The initiative should be targeted at specific industries that show great potential for creating employment, earning foreign exchange, and stemming the huge balance-of-payment deficit. Recommended are agriculture and agro-processing, community/cultural ecotourism, furniture manufacturing, mining and quarrying, energy, health, education, film-television and music, sports, fashion, and information/ communication technology.
In one specific subsector, producing for export to the organic and nutraceutical industries in the United States and Europe, the potential for Jamaica is stupefying, with its abundance of unproductive land and a tradition of herbal and natural produce usage through Rastafari, the maroons and Seventh-day Adventists. The American market alone for these sectors is in excess of US $40 billion per annum. Consider Jamaica supplying half of one per cent of this. In discussions I had last year in the United States with a major player in this sector, a willingness, almost eagerness (home of reggae music), to accommodate items from Jamaica was indicated, but concerns for sustainability of supplies, packaging and competitive pricing were also voiced.
Companies selected for funding can receive financing more than once but should not exceed a total of US$5 million, which should be single-digit loans and small grants where necessary for areas like research and development. A support component should be included to provide services in marketing, accounting and proper record keeping. And personnel can be drawn from the diaspora.
There is a leadership dynamism that is required to achieve this transforming of the Jamaican economy to improve the country's standard of living for every Jamaican. In a previous article, I suggested a clarion call to be sounded by leaders in every corner of Jamaica: Increase production and productivity or die! There is some spouting of good sounding words and feeble attempts coming from some quarters of the government and the banking sector, but the leadership command, the sense of urgency, the take-charge approach are blatantly absent, as if they are not sure of the direction that must be taken, or they lack the love for country, the driving national spirit and commitment to improve Jamaica.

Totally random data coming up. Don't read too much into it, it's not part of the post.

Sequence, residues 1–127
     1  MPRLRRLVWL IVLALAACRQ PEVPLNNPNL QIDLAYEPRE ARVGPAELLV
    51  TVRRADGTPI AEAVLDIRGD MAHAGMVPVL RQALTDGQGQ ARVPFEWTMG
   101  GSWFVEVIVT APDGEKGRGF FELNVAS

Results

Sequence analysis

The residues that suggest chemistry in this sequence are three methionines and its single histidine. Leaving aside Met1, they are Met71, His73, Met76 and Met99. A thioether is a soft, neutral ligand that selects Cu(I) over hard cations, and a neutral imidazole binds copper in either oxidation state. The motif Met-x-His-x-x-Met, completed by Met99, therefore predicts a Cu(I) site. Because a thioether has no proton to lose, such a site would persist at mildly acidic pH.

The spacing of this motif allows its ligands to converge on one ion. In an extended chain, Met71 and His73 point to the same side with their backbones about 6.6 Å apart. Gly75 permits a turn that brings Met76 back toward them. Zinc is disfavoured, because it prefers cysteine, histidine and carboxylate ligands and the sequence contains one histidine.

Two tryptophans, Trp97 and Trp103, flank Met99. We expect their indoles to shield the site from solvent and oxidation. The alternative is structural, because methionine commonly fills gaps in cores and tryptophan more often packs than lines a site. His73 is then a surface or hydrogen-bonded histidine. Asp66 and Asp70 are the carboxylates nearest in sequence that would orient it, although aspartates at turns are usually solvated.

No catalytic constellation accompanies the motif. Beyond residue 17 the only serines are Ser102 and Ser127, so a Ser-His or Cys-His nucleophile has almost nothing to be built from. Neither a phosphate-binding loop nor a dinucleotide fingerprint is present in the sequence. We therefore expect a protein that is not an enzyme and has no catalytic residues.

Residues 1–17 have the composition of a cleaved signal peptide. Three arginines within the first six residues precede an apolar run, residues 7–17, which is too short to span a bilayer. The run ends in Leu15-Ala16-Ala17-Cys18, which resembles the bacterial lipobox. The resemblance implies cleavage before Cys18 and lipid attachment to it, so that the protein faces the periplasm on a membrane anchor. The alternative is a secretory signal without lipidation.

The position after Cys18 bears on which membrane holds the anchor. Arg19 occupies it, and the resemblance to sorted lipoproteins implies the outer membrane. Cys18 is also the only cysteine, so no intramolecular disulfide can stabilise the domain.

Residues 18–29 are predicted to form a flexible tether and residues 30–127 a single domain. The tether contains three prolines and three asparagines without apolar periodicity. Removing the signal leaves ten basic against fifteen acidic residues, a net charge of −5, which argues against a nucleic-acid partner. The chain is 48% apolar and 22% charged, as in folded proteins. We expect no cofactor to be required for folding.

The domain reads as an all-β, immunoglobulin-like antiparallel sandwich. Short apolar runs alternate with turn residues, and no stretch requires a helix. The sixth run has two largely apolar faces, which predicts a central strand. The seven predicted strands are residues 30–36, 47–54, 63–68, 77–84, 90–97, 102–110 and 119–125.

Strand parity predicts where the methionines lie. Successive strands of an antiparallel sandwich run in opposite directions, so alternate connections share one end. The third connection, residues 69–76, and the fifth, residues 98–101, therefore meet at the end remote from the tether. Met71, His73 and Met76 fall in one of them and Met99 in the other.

But it must be done if we are to decrease the crime rate, particularly the murder rate, and feelings of despair and hopelessness spreading through the society. Jamaica is losing investments because of the perception others have of it. I am involved in a Hollywood-financed film project and one sticking point that studio executives keep coming back to is the safety of shooting on location in Jamaica for six weeks. If they decide not to, and it is my partners and my job in convincing them to, then some US$20 million will be lost to the Jamaican economy. Can we continue to let this happen?
Julian 'Jingles' Reynolds is a writer, film-maker and entrepreneur who operates in the USA and Jamaica. Feedback may be sent to firstname.lastname@example.org